Wednesday, July 20, 2011

Apple's 3Q Earnings Report

Apple's earnings released yesterday was certainly impressive by any measure. Consider that, back in 2008, Apple (AAPL) earned $ 4.8 billion during that full year.

An impressive amount by any standard but especially when you consider that five years earlier, in 2003, the company was barely breaking even.

Apple Reports 3rd Quarter 2011 Results: July 19, 2011

In Apple's most recent quarterly earnings release, the company revealed earnings of $ 7.3 billion. So Apple is able to now produce far more earnings in 13 weeks than what it could produce in a full year back in 2008.

Here's a non-tech comparison. Apple's quarterly earnings was also more than the expected annualized 2011 earnings of Pepsi (PEP).

Google's (GOOGmost recent quarterly results was also very impressive but what Apple is doing is hard to believe. It will be interesting to see how this compares to Microsoft (MSFT) when that company reports tomorrow.

Apple now has $ 76 billion of cash and marketable securities on the balance sheet with no debt. One heck of a pile of cash. That's $ 81 in net cash per share. Not that they need the headaches or risks but Apple could capitalize a pretty good size bank with that much capital.

From the latest Apple earnings release:

The Company posted record quarterly revenue of $28.57 billion and record quarterly net profit of $7.31 billion, or $7.79 per diluted share. These results compare to revenue of $15.70 billion and net quarterly profit of $3.25 billion, or $3.51 per diluted share, in the year-ago quarter. Gross margin was 41.7 percent compared to 39.1 percent in the year-ago quarter. International sales accounted for 62 percent of the quarter’s revenue.

The Company sold 20.34 million iPhones in the quarter, representing 142 percent unit growth over the year-ago quarter. Apple sold 9.25 million iPads during the quarter, a 183 percent unit increase over the year-ago quarter. The Company sold 3.95 million Macs during the quarter, a 14 percent unit increase over the year-ago quarter. Apple sold 7.54 million iPods, a 20 percent unit decline from the year-ago quarter.

They sold nearly 9.25 million units of a product, the iPad, that wasn't even part of the portfolio until recently.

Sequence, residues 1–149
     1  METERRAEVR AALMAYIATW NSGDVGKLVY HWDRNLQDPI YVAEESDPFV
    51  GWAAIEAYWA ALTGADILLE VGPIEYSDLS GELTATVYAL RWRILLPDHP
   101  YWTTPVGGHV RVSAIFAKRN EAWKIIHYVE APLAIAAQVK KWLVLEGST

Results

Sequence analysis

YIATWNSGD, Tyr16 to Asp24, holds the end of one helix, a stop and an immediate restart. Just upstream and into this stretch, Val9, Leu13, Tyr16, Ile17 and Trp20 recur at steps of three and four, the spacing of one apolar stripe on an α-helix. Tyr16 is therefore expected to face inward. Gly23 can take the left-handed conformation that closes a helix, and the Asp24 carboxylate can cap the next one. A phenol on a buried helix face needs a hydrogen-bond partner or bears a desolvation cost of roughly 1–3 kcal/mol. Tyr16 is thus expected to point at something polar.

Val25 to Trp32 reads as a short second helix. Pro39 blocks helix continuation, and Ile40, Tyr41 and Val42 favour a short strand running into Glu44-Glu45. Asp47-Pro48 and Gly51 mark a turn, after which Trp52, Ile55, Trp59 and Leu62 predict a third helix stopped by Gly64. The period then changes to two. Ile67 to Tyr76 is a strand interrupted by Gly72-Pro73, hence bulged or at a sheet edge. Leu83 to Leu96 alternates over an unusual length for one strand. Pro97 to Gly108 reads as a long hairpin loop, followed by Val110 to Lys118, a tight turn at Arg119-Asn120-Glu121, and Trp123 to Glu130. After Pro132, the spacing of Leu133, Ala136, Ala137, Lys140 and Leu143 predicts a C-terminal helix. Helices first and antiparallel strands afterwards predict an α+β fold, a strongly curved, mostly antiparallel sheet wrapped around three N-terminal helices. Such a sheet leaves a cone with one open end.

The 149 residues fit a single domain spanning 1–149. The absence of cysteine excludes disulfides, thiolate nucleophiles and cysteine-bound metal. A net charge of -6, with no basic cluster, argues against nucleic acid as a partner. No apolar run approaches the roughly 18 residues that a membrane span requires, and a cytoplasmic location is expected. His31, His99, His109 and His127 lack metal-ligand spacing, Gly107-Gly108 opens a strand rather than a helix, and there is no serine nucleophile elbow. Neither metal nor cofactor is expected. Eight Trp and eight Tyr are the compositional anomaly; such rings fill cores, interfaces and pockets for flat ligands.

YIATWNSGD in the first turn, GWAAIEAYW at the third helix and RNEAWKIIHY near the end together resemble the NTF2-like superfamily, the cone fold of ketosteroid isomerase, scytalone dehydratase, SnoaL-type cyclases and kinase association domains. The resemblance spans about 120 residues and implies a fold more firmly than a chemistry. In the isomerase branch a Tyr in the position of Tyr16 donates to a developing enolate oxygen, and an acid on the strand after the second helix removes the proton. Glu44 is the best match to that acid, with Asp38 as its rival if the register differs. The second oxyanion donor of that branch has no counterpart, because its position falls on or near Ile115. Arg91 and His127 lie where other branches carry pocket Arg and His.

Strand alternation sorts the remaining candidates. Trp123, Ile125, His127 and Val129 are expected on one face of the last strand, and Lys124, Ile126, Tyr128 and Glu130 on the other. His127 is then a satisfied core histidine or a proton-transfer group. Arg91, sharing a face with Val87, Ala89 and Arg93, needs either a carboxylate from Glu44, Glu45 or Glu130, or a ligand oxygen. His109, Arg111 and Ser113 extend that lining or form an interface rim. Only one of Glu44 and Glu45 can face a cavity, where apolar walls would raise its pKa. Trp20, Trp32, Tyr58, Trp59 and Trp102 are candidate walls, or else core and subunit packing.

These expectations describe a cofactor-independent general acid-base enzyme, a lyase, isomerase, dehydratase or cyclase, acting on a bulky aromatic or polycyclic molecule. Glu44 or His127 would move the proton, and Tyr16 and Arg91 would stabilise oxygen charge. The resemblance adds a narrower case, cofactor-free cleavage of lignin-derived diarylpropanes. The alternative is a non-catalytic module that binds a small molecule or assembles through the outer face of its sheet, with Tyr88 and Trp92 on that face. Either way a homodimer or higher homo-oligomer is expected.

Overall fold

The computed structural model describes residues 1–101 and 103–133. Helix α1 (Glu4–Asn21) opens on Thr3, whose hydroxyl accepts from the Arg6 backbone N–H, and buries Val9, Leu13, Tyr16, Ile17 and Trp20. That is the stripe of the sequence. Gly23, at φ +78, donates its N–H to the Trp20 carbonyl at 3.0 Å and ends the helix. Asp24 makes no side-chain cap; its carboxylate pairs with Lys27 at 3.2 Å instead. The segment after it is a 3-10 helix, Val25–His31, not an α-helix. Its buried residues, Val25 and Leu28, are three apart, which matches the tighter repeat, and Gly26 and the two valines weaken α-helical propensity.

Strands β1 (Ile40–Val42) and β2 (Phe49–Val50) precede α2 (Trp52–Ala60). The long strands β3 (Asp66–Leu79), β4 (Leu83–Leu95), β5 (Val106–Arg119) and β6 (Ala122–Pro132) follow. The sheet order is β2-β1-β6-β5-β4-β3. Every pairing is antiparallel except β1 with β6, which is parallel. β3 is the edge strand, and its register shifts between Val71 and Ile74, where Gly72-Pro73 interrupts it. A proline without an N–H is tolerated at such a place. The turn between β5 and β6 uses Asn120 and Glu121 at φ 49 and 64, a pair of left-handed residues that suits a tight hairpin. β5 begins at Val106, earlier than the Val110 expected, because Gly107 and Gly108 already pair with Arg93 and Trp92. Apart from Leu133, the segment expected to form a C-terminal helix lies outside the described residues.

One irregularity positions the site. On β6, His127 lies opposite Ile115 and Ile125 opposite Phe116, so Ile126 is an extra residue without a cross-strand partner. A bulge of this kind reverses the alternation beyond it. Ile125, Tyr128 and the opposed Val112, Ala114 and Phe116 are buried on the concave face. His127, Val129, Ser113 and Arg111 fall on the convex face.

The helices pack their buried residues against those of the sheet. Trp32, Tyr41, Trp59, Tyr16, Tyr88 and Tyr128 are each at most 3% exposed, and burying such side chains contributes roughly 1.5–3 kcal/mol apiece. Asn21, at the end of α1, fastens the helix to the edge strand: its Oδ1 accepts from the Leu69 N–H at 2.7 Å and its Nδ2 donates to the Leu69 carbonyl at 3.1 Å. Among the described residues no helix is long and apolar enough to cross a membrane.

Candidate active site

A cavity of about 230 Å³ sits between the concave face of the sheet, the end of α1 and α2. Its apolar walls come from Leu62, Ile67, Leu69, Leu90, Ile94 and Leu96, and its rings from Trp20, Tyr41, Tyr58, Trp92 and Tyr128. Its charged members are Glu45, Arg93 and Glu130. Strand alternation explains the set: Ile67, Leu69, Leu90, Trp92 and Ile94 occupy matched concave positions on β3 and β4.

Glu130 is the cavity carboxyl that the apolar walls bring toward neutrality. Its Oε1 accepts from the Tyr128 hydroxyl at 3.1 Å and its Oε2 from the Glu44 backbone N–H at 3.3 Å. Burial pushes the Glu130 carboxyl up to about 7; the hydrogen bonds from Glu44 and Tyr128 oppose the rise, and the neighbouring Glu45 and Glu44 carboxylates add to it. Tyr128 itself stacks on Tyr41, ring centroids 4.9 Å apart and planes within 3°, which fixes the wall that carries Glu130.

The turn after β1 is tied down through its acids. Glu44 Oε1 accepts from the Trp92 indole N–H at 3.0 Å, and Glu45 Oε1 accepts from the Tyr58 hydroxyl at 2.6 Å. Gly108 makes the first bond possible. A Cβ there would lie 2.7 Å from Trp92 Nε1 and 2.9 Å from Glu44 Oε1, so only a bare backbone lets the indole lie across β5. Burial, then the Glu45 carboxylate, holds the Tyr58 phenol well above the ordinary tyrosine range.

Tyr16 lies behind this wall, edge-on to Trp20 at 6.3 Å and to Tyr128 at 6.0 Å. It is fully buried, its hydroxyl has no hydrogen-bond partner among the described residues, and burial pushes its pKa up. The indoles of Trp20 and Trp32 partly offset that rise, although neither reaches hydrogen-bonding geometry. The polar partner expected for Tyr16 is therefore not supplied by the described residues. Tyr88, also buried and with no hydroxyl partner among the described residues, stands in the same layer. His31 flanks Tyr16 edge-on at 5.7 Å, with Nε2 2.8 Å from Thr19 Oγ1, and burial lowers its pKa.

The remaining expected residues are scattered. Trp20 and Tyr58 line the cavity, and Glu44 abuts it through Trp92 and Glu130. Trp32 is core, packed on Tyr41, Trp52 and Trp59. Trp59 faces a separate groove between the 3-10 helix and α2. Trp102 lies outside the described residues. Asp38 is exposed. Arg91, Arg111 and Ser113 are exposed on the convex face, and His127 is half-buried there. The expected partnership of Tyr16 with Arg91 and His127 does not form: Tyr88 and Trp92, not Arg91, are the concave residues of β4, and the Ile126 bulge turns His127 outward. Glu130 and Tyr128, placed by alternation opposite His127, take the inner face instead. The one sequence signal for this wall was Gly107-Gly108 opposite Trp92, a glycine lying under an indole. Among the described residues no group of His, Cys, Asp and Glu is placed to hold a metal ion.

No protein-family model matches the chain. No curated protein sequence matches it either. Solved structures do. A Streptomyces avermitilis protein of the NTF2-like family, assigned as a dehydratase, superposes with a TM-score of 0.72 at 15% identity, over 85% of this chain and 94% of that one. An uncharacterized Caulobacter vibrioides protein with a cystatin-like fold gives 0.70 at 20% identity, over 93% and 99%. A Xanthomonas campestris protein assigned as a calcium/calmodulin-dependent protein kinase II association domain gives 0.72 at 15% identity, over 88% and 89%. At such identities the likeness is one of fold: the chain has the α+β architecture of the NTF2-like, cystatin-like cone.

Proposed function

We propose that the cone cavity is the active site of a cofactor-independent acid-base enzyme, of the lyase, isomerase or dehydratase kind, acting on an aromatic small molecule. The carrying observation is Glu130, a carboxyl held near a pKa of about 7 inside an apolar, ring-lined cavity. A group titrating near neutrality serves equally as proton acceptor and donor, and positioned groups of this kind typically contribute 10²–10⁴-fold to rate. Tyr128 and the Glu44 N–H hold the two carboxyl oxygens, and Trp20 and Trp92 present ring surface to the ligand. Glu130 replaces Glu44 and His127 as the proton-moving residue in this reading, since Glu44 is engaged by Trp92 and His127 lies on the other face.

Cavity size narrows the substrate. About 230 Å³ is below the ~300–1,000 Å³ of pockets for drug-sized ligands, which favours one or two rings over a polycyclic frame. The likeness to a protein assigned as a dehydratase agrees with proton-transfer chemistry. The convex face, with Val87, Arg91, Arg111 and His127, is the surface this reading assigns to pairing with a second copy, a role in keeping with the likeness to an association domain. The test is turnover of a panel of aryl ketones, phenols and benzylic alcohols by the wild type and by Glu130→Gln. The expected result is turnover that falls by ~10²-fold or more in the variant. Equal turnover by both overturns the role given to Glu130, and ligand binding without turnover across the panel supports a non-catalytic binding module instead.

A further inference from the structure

Pretty much every iPad they could make was sold.

"We're thrilled to deliver our best quarter ever, with revenue up 82 percent and profits up 125 percent," said Steve Jobs, Apple's CEO.

The company's 82% revenue growth and 125% earnings growth is not exactly coming off of a small base. Last year's numbers looked remarkable at the time yet Apple continues an unprecedented growth rate for a company its size.

This Forbes article points out China grew 6x year-over-year to $ 3.8 billion for the latest quarter.

Now, consider the valuation. The company is well on it's way to earning $ 25 to 27 billion this year and most likely much more next year. The stock is up substantially in recent weeks to new highs and approaching $ 388/share giving it a market value of $ 364 billion. Subtract the $ 76 billion in cash on the balance sheet and you have an enterprise value of $ 288 billion.

Is a $ 288 billion valuation too much for a business making $ 25 to $ 27 billion this year that's still growing rapidly?

It's the only company I can remember whose exceptional stock performance is upstaged by even more exceptional business performance. I said the following recently about Google but it applies even  more so to Apple:

There are many inferior businesses selling for much higher multiples of earnings these days.

Adam

Established small long positions in AAPL, GOOG, PEP at much lower than current market prices and MSFT slightly below recent prices
---
This site does not provide investing recommendations as that comes down to individual circumstances. Instead, it is for generalized informational and educational use and the opinions found here should not be treated as specific individualized investment advice. Visitors should always do their own research and consult, as needed, with a financial adviser that's familiar with the individual circumstances before making any investment decisions.
 
Site Meter